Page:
The numbers of records added to online databases are getting into the astronomical scale. FamilySearch's Record Search announces the addition of New York State to the 1920 U.S. Census records already online. This addition constitutes an additional 10.4 million names. With all of the other records being added daily to the Internet, why is this a big deal? The index to the records was produced entirely by volunteers through the FamilySearch Indexing program and so the records are freely accessible online without paying a subscription cost and there are a whole lot more records to come.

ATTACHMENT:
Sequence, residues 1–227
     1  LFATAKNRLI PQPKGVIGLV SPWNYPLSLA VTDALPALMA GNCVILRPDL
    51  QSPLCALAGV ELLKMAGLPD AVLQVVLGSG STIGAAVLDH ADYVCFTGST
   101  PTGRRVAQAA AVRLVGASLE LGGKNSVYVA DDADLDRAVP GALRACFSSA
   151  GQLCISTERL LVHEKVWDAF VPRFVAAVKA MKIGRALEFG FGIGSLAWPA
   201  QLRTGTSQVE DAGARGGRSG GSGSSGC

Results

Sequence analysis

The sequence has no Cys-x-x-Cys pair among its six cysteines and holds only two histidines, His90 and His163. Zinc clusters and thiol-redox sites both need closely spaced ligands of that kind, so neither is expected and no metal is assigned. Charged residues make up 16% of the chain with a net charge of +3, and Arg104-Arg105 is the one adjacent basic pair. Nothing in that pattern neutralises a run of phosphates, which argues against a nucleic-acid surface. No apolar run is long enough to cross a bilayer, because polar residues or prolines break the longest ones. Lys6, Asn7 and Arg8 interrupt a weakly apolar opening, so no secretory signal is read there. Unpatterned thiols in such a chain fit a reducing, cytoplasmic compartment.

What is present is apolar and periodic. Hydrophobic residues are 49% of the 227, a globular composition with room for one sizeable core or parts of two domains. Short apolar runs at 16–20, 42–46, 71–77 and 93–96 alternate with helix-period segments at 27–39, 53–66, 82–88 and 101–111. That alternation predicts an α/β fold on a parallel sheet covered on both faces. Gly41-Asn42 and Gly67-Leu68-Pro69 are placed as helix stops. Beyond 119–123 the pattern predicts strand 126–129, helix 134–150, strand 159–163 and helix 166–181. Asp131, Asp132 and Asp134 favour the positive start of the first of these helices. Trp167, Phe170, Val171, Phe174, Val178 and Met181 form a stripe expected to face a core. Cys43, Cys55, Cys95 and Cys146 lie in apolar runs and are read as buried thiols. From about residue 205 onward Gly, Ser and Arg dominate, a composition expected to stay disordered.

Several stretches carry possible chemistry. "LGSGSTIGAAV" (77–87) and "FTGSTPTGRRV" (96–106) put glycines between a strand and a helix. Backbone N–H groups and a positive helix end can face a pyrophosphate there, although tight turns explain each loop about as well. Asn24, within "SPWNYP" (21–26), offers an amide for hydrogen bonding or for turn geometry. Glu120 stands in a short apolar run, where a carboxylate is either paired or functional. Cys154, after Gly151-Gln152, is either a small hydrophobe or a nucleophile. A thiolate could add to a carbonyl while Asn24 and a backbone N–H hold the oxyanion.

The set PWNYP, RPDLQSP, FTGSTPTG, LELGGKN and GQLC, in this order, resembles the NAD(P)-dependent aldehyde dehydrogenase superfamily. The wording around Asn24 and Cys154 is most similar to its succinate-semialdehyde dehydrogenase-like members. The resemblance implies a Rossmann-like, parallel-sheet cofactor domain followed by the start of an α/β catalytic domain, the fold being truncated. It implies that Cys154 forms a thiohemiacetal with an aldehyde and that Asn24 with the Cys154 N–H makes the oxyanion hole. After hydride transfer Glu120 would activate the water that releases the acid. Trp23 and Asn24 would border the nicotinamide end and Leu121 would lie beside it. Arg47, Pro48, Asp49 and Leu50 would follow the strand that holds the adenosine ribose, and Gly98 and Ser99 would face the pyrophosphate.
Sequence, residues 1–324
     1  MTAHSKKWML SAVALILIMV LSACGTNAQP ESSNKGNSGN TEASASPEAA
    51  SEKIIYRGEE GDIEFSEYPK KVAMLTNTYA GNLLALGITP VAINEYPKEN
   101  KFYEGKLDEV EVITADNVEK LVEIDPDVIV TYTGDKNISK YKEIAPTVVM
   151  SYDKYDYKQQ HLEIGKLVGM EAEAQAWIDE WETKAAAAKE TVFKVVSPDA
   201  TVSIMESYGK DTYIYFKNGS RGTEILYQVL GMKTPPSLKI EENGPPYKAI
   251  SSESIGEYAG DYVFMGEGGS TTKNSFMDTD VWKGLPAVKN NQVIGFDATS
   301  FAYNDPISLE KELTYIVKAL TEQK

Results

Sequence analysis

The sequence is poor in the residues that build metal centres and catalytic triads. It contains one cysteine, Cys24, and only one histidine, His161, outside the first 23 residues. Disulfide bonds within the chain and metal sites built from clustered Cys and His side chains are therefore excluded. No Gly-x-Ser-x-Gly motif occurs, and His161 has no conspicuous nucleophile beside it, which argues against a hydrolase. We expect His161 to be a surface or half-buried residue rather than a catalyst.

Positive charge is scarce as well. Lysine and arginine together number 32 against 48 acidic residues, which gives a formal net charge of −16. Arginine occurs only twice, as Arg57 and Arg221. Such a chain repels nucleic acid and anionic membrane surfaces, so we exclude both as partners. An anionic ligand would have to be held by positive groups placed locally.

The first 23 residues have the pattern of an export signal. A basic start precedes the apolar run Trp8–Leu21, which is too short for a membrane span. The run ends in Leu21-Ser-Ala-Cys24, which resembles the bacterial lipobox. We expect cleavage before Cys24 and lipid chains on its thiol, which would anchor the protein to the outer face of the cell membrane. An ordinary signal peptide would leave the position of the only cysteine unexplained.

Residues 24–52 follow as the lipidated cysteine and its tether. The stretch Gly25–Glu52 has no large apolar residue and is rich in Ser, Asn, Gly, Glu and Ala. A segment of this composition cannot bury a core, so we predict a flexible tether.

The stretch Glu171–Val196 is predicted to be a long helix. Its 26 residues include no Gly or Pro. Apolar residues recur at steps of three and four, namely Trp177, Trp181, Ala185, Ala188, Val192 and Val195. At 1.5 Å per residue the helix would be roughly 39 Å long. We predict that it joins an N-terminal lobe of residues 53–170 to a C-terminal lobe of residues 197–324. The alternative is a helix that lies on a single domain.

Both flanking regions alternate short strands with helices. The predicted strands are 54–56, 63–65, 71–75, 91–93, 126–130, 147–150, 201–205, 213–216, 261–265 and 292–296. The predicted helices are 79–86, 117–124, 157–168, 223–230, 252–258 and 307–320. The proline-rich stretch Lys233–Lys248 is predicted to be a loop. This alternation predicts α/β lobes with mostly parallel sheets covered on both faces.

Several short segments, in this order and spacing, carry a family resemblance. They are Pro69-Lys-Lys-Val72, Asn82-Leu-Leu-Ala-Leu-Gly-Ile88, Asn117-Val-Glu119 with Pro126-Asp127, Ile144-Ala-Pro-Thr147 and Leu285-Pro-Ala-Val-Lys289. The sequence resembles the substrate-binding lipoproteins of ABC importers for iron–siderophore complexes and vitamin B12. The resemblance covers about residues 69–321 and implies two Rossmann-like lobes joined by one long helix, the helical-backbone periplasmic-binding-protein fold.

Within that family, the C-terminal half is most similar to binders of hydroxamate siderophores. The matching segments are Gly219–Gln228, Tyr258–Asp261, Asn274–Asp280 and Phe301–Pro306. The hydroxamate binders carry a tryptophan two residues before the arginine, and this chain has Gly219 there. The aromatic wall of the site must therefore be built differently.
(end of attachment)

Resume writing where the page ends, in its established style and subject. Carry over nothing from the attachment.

With the addition of the New York records, the 1920 U.S. Census is 98% completely indexed. In my own experience, I have found existing indexes of the 1920 U.S. Census to be somewhat spotty. For example, my grandfather was listed as "Tamer" rather than "Tanner." But a search in the current collection shows him immediately. Unfortunately, the images are not yet online and given the current agreements with Ancestry.com regarding the upgrading of Ancestry.com's images, I guess that the images will be available only through the subscription site. Maybe one of my reader's with more access to the inner workings of the agreement between Ancestry.com and the LDS Church can clarify that issue?